There are many reasons to want to go to Colorado, including the weather, the sights, and the local wildlife. However, in 2012 the state of Colorado created another incentive to visit, when they legalised the production, purchase, and consumption of cannabis. This legislation also came with a tax, the first $40 million of which every year must be invested into public school infrastructure. Since then, recreational cannabis taxation has been raised from 10% to 15%.
In addition, sales are also taxed locally. This generates wealth for the local municipality as well as the state as a whole. Aside from schools, money is also being spent on public health and safety and protecting minors from drug consumption. Far from encouraging youth consumption, the legalisation in fact is helping to combat it.
The industry has also played a role in decreasing unemployment, providing jobs that would not be available if cannabis cultivation was still illegal. Tax money has been used to build homeless shelters, and fund scholarships, which benefits the most vulnerable segments of society and creates a safer environment for everyone.
Legalisation has had a great impact on schools in particular, and has allowed the upkeep of facilities that were previously in very poor condition. Money from marijuana taxes has allowed the removal of asbestos, the improvement of indoor air quality, and the prevention of building code violations.
In the case of South Africa, educational infrastructure has not been so lucky. The country has for a while been plagued with issues such as unemployment rates, power cuts, and a lack of public spending. National economic growth remains stagnant, and government debt is, as president Ramaphosa says, “heading towards unsustainable levels”. Unemployment is higher than ever, and yet the government remains reluctant to invest in public infrastructure.
Public spending on schooling, in particular, has been going down, and South Africa will have to think of something soon if it wants its population to retain a high level of education. At the moment, the results from public schools are poor, with a low rate of graduation from secondary level. Universities also experience high dropout rates, due to their inability to accommodate all pupils.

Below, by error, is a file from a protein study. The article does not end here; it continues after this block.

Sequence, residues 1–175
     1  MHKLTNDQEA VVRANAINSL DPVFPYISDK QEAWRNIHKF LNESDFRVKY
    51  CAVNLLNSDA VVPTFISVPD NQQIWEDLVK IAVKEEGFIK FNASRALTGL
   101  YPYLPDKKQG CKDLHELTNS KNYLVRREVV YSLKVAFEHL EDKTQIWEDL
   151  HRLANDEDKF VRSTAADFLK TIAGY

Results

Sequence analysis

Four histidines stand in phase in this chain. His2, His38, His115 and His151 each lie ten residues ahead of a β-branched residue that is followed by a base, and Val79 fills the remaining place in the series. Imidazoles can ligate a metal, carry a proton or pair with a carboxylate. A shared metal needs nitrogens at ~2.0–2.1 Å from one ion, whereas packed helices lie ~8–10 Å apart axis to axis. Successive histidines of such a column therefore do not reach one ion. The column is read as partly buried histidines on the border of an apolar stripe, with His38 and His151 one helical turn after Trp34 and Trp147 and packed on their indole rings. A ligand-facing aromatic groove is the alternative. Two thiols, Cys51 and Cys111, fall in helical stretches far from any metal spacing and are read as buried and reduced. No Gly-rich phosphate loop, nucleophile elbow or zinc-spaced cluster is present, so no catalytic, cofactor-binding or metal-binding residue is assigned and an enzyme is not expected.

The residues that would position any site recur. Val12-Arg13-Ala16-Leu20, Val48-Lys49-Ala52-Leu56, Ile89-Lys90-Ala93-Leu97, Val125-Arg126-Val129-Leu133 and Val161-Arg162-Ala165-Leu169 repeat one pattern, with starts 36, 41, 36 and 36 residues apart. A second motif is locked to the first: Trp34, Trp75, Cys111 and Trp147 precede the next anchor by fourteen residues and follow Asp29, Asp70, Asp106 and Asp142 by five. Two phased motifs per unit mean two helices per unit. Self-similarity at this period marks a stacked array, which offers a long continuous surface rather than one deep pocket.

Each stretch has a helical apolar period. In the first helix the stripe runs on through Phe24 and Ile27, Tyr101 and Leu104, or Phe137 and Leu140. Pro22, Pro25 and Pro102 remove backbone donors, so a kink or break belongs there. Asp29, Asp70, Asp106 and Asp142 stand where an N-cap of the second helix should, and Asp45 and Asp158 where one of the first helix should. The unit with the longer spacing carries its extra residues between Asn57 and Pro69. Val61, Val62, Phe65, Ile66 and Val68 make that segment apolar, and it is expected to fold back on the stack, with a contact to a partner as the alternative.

The legalisation of cannabis cultivation could change this. As we have seen with Colorado, legalising and taxing cannabis can produce fast-acting results, ones that could have a long-lasting impact on many of the issues that plague South Africa today. Tax revenues from cannabis sales could ease some of the government’s difficulties with allocating budgets, allowing them to do more for the public. Unemployment would decrease in the short and long term, as more jobs are created and economic measures are put in place to support those in need. The protection of vulnerable populations could also have an effect on crime rates — with increased spending on public support, fewer people will be driven in desperation to theft or burglary.
And finally, South Africa could take a note from the Colorado model, and dedicate a large portion of cannabis tax revenues to improving their schools, which are clearly in need of care and attention. There are countless studies that show that a well-educated population leads to an increase in safety and stability, which many parts of South Africa so dearly need. By legalising cannabis and implementing fair cannabis taxation, in similar ways to tobacco or alcohol, the South African government will have more resources to invest in its future.